by Russell Edson
One night in the dark I phone for a taxi. Immediately a taxi crashes through the wall; never mind that my room is on the third floor, or that the yellow driver is really a cluster of canaries arranged in the shape of a driver, who flutters apart, streaming from the windows of the taxi in yellow fountains…
Realizing that I am in the midst of something splendid I reach for the phone and cancel the taxi: All the canaries flow back into the taxi and assemble themselves into a cluster shaped like a man. The taxi backs through the wall, and the wall repairs…
But I cannot stop what is happening, I am already reaching for the phone to call a taxi, which is already beginning to crash through the wall with its yellow driver already beginning to flutter apart…
0 thoughts on “The Taxi”
A prose poem! What makes it poetic? Imagination? Imagery? Economy? Intensity? Brevity? Never mind. It presents itself and we deal with it.
We don’t know why he wants a taxi. That’s irrelevant here. What is relevant is that he phones for one “in the dark” and it “crashes through the wall.” He tells us “never mind” that he lives on the third floor and the driver “is really a cluster of canaries,” etc. Which though it’s beautiful and funny is also unimportant. “Something splendid” is happening in the dark frame of his mental space.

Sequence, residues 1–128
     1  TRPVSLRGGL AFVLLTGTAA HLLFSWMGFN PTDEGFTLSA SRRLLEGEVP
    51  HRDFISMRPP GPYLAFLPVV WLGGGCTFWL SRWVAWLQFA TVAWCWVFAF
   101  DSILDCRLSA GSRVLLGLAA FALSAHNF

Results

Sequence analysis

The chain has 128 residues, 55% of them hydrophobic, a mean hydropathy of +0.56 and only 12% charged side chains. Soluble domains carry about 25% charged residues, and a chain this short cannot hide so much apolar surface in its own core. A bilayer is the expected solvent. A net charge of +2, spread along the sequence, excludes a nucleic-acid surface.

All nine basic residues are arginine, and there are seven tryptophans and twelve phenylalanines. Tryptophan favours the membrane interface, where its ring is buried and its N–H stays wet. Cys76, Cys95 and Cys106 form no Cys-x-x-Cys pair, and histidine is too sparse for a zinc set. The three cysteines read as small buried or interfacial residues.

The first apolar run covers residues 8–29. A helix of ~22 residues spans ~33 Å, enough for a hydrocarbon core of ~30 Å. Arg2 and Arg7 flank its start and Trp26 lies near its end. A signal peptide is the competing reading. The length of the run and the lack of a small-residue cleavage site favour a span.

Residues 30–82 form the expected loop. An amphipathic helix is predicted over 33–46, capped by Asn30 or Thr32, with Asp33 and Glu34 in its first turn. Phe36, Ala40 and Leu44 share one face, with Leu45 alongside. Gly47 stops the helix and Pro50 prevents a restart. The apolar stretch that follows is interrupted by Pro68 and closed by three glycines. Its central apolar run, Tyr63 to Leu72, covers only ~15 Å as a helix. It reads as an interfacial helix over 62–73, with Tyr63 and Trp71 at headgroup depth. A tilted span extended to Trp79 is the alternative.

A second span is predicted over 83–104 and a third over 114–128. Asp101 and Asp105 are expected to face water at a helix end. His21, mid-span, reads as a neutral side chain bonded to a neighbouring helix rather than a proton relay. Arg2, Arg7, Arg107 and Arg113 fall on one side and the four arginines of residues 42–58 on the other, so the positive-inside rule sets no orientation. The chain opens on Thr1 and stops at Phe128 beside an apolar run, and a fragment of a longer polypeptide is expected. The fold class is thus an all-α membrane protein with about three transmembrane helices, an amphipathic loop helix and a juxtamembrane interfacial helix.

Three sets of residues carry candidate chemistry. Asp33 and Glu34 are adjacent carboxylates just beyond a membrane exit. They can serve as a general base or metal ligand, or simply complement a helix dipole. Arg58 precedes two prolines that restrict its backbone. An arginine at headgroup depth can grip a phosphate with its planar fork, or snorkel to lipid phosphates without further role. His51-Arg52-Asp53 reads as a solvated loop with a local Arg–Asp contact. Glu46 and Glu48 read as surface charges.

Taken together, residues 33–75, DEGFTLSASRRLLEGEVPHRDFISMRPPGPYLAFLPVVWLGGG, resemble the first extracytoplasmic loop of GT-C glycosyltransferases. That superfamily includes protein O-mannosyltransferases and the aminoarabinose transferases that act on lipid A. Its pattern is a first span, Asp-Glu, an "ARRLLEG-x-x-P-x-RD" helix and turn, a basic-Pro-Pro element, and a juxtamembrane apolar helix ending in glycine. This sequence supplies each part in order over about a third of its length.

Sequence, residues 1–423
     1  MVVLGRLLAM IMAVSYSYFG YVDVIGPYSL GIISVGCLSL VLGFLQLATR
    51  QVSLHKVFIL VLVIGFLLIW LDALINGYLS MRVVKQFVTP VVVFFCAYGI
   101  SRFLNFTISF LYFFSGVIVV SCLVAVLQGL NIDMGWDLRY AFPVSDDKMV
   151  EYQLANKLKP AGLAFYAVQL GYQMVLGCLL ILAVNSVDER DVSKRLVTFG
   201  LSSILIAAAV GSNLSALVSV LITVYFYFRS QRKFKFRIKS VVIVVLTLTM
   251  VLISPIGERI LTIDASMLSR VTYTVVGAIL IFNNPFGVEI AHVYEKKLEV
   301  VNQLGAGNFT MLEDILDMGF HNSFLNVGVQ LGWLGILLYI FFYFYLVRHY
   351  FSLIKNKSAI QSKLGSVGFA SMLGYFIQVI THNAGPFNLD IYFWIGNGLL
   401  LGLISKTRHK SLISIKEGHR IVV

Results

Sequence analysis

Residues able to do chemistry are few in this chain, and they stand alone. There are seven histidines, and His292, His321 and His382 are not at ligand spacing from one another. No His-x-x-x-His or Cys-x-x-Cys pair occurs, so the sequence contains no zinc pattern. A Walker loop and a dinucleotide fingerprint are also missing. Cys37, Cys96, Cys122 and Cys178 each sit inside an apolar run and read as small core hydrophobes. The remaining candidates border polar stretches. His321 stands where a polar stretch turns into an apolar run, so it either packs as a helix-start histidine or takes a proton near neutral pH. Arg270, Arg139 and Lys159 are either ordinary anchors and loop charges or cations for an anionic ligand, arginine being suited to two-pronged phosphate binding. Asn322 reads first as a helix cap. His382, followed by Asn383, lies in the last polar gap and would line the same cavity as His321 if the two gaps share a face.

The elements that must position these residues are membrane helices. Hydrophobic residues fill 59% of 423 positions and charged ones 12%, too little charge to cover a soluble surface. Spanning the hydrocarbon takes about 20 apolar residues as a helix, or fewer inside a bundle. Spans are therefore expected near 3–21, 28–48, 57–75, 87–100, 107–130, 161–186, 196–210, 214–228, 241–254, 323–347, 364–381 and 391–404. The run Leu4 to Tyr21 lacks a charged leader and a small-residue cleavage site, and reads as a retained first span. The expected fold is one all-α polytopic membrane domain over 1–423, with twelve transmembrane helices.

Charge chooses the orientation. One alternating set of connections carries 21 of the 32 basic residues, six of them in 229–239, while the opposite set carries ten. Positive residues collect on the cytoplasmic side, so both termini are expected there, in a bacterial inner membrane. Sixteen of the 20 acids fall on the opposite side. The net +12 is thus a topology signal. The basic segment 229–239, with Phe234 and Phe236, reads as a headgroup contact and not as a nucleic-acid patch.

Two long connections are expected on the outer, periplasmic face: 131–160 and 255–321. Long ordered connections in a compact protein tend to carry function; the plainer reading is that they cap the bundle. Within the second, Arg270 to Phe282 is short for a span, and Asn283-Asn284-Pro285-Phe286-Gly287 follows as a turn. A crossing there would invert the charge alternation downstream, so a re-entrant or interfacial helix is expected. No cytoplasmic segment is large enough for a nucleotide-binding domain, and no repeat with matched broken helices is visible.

After this, two events loom in significance: “Realizing that I am in the midst of something splendid I reach for the phone and cancel the taxi” and then “But I cannot stop what is happening, I am am already reaching for the phone to call a taxi.” Never mind that the movie clip plays backwards and then forwards again.
Realizing he’s in the midst of something splendid, why does he reach for the phone to cancel the taxi, instead of hopping in for a ride to wonderland? And if splendor frightens him, why does he reach to call it back?
Interestingly enough, all he has to do is reach, and the events occur, and recur, we sense from the ellipse, in an endless loop. Here’s the point: he’s become fixated on the phenomena itself and has to keep recalling it; not exploiting it or getting rid of it. I don’t know a psychological term for this, but the poet has identified it, and no matter if it’s happened to us or not, we recognize its obsessive quality. Maybe that above all is what makes this a poem: insight.